The price of oil has halved over the last eight months due to a global oversupply and slack demand, and so far OPEC has seemed content to leave things as they are. In the past the cartel has cut production to set a floor for falling prices, but this time Saudi Arabia—the only producer capable of lowering output enough to affect prices—has opted to ride out the plunge in order to compete with upstart American shale producers for market share. The Saudis have a sovereign wealth fund large enough to ride out another two decades of prices this low, but other OPEC members are feeling the pain much more acutely. In fact, just this week Nigeria’s oil minister said she might soon call an emergency meeting, the FT reports:
“Almost all Opec countries, except perhaps the Arab bloc, are very uncomfortable,” said [Nigerian oil minister Diezani Alison-Madueke], who as president of Opec is responsible for liaising with member countries and the producer group’s secretary-general in the event of an emergency meeting.If the price “slips any further it is highly likely that I will have to call an extraordinary meeting of Opec in the next six weeks or so”, she said in an interview with the Financial Times. “We’re already talking with member countries.”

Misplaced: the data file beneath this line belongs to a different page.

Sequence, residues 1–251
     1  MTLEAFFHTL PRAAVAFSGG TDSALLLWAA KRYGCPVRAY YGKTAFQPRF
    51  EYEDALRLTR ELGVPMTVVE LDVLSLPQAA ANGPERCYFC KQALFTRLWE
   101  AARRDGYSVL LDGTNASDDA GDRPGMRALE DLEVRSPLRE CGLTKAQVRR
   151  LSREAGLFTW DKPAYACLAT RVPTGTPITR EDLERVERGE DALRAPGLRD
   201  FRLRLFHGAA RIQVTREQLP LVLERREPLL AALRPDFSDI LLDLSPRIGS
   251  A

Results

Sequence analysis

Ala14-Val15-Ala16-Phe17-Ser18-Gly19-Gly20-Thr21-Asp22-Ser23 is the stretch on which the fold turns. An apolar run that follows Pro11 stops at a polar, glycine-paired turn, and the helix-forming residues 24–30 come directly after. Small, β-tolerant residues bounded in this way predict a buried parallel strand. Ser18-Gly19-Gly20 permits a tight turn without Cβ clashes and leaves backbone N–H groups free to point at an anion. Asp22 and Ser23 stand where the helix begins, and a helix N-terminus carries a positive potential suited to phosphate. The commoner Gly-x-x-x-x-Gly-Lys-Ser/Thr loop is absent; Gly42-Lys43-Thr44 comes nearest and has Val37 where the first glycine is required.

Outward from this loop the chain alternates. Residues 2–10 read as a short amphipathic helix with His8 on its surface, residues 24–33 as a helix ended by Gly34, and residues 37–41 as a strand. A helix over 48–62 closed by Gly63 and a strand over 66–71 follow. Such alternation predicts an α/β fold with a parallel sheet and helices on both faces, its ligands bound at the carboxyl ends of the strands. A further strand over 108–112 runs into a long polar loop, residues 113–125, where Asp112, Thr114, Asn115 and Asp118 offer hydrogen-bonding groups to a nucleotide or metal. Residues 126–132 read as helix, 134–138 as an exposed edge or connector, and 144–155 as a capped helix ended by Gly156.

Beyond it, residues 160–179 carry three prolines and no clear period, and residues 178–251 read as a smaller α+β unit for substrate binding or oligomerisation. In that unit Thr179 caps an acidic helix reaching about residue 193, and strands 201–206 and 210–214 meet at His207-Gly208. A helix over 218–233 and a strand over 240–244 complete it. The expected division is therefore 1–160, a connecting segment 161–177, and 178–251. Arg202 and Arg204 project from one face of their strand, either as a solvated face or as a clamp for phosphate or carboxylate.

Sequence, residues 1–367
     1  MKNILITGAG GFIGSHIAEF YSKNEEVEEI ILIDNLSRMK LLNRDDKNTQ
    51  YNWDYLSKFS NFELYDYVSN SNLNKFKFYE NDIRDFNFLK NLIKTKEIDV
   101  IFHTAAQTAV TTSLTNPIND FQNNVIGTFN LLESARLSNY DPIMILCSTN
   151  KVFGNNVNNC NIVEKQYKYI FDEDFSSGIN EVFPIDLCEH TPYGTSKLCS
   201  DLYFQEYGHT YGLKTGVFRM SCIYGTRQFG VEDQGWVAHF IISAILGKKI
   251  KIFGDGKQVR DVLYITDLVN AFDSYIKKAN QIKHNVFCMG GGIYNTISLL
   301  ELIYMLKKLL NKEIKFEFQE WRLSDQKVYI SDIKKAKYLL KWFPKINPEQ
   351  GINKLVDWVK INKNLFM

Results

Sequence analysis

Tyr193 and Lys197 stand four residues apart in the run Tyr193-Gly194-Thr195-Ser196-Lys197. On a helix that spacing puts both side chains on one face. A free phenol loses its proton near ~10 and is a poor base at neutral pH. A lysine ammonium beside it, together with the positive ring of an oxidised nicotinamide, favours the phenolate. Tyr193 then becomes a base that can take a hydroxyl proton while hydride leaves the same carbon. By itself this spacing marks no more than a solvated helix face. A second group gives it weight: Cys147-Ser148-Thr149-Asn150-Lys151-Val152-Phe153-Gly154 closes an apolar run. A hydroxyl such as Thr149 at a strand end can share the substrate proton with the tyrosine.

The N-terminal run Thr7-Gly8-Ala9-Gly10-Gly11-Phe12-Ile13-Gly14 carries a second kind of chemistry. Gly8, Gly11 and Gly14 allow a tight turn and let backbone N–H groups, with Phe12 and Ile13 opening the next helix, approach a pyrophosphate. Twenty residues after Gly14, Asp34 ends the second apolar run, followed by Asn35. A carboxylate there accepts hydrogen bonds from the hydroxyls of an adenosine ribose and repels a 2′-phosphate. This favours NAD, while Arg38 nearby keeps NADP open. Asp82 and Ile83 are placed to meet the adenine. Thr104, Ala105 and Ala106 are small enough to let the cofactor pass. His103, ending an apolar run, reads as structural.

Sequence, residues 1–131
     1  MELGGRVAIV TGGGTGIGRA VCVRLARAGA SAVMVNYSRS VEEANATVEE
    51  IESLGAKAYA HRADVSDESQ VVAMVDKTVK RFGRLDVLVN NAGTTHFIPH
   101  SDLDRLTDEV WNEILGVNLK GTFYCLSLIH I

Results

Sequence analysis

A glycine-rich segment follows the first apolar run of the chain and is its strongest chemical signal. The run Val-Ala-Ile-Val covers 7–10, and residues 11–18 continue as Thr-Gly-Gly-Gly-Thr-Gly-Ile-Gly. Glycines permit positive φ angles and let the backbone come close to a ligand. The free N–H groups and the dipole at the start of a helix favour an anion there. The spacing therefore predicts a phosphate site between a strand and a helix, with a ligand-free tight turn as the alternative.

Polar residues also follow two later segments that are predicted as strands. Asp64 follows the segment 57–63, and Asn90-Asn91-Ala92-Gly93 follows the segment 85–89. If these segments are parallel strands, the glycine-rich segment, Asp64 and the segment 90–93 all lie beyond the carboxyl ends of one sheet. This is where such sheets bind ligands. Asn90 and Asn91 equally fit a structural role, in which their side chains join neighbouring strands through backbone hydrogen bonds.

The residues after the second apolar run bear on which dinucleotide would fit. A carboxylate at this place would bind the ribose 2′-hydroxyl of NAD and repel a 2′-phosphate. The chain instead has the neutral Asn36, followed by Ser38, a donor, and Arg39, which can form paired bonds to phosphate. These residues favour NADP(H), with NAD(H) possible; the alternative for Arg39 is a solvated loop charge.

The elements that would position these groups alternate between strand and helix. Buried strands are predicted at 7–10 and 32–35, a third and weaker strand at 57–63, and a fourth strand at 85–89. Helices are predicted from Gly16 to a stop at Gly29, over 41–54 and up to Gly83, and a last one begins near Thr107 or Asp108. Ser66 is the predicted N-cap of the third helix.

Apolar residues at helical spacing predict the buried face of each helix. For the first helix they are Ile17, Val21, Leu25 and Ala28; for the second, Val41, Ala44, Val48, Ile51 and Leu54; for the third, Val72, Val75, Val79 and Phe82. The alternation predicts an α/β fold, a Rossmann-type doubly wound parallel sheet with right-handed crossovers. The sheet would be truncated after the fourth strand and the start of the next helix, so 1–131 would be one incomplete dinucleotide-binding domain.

OPEC members all depend on oil revenues for huge portions of their government budgets, but few are as well prepared to weather low prices as the Saudis. But those countries are essentially junior partners in OPEC, and without Saudi approval the kinds of production cuts that Venezuela and Nigeria would like to see simply aren’t going to happen. In fact, unless Riyadh significantly rethinks its strategy in this bear market, it seems unlikely that the kind of emergency meeting Alison-Madueke floated will ever happen.The next scheduled OPEC summit isn’t until June, and it’s not clear that the Saudi calculus will change by then. Fissures are widening, and the cartel’s cohesion will continue to deteriorate as its members become more and more desperate.